The Catholic faith was brought to Seychelles by the first settlers but was formally established in 1852 as the Apostolic Prefecture of Seychelles. It became the Diocese of Port Victoria in July 1892.
As the diocese is celebrating 125 years this year, SNA looks at different Catholic chapels - a place of prayer and worship that is considered an extension of a parish - on the main islands of the Seychelles archipelago.
1. Notre Dame du Perpetuel Secours Pointe Aux Sel, Au Cap
Since February 1884, Bishop Mouard started discussions on having a chapel at Pointe au Sel, in the south-east of Mahe. At that time the area was annexed to Anse Aux Pins. In 1924, Despilly Jorre de St. Jorre gave the Roman Catholic diocese a house to be used as a school and chapel. The building was dedicated to Notre Dame du Perpetuel Secours in May 1934. A new chapel was built in 2008 at the same location and was consecrated by Bishop Denis Wiehe in February 2009. The chapel is attached to the St Joseph Parish of Anse Royale.
2. Notre Dame de la Salette, Anse Louis, Anse Boileau.
For years the pilgrims in the area were using an old house for worship. In 1925, Father Ernest Joye built the first chapel which parishioners used until it was demolished in 1993. A year later in April, the foundation stone for a new chapel was laid by Seychellois priest Gustave Lafortune. It was completed in 1997 and was blessed by the late Bishop Xavier Baronnet. The chapel is an annexe of the Notre Dame des Douleurs parish in Anse Boileau, a western Mahe district.
3. Notre Dame de Sacré Coeur, St Louis.
The land where the current chapel stands was given to the Catholic Church by the Lefevre family. The first chapel was dedicated to Saint Therese. In May 1963, Father Joseph Prince in charge of the Bel Ombre parish appealed for donations for the construction of a new chapel. Notre Dame de Sacre Coeur was inaugurated in October 1964 with a mass celebrated by Bishop Olivier Maradan. The chapel was rebuilt in 2012, and is part of the St. Roch parish of Bel Ombre, in the north of Mahe.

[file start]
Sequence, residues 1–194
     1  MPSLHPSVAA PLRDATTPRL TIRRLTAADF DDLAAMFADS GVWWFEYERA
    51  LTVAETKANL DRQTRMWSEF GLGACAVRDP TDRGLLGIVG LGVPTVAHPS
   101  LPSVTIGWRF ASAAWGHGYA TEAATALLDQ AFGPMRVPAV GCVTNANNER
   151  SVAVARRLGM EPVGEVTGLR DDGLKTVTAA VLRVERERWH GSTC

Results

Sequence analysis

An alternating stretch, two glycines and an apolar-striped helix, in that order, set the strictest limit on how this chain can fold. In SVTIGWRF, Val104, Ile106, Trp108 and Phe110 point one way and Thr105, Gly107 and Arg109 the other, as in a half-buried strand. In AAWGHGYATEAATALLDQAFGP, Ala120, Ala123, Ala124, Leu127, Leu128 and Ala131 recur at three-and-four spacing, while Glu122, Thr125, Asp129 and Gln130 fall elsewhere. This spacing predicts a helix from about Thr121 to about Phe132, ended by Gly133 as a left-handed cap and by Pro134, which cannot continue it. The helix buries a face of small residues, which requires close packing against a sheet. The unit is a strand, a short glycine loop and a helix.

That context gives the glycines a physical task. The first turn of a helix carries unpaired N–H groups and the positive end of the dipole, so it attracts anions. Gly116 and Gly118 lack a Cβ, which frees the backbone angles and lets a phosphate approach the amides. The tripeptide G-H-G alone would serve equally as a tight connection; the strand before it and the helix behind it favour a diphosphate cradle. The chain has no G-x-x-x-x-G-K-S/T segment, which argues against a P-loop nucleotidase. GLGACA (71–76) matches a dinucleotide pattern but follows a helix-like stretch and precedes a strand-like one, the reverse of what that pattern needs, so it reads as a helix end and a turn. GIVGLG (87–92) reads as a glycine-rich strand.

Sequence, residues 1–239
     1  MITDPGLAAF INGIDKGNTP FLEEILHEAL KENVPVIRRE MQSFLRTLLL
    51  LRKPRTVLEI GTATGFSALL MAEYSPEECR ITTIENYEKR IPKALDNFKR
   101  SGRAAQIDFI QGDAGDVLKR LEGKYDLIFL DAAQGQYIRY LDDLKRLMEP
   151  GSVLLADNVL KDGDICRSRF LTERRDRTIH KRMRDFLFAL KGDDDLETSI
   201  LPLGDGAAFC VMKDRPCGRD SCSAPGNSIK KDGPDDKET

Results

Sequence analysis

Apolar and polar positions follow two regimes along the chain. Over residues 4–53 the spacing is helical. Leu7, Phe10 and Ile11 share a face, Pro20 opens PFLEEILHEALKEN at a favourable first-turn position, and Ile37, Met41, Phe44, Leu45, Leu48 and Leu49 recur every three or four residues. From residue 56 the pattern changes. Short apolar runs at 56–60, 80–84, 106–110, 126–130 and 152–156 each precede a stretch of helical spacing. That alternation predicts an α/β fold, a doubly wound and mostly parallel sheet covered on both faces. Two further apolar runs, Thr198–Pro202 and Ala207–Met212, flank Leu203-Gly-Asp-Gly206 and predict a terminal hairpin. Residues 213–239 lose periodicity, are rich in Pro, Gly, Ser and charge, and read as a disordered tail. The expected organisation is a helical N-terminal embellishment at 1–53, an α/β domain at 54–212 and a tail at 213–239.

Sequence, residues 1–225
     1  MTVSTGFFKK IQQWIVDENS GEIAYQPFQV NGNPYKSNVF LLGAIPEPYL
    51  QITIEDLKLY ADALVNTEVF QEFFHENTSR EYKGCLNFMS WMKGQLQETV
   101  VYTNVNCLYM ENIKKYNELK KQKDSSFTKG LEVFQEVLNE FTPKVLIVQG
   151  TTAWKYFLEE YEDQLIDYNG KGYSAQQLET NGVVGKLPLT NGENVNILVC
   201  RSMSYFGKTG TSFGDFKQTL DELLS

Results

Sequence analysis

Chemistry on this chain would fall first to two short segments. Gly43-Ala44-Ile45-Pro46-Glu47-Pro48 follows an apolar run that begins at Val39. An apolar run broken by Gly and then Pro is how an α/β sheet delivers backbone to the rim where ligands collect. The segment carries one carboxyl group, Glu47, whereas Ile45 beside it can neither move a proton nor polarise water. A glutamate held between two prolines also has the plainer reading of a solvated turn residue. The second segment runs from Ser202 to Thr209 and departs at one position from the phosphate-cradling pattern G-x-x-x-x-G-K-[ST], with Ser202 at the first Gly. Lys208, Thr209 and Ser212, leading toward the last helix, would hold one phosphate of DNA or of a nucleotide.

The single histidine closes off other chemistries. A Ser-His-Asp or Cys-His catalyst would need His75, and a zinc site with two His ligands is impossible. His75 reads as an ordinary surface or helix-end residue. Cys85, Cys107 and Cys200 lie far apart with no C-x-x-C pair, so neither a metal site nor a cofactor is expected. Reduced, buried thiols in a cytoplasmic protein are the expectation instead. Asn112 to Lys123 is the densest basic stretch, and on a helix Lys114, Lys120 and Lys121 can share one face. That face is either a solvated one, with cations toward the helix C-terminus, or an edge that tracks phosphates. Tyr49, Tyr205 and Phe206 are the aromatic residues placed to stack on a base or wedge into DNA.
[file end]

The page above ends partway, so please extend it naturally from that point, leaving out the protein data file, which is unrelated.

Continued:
4. St. Jacques, Machabee, Glacis
Following an appeal to help with setting up the church by Father Aloyse, responsible for the St. Jean Baptiste church at Glacis, contributions came from many parishioners and land was donated by Jean Hodoul and his wife. In July 1969 Bishop Olivier Maradan blessed the new chapel, a pride for the many who according to their means had contributed generously. Also present for the event was Bishop Maranta, Bishop of Dar-es-Salaam, Tanzania. St. Jacques is an annexe of the St. Jean Baptiste church at Glacis.
5. Notre Dame du Rosaire, Silhouette
The funds for the construction of the chapel were raised from Switzerland by Father Claude. The chapel was consecrated in February 1968 and the main attraction was a wooden statue of Notre Dame de Rosaire sculpted by Michel Alexis. The chapel was renovated in 2006 and in October that year was blessed by Bishop Denis Wiehe.
6. Sacre Coeur Anse la Blague and Anse Boudin, Praslin
The two chapels located on the second most populated island of Praslin were both built by the parishioners themselves. At Anse Boudin, the foundation for the chapel of Sacre Coeur was laid by Brother Imier and other members from the Happy Youth club in January 1968. It was consecrated in November 1969.
At Anse La Blague, due to transport constraint by land at that time, Ravil Lesperance transported all materials needed for the construction on his boat "Louis Alfred" free of charge. The chapel was completed in 1973. Under the leadership of Father Jean Peault, years later it was renovated in 2000. Both chapels form part of the St Anne parish at Baie St Anne.
7. Notre Dame des Iles, Anse Kerlan Praslin
With its feast celebrated on December 8, the chapel of Notre Dame des Iles is an annexe of the St. Joseph parish of Grand Anse Praslin. Before its dedication to Notre Dame des Iles, the chapel was known as Notre Dame de Fatima.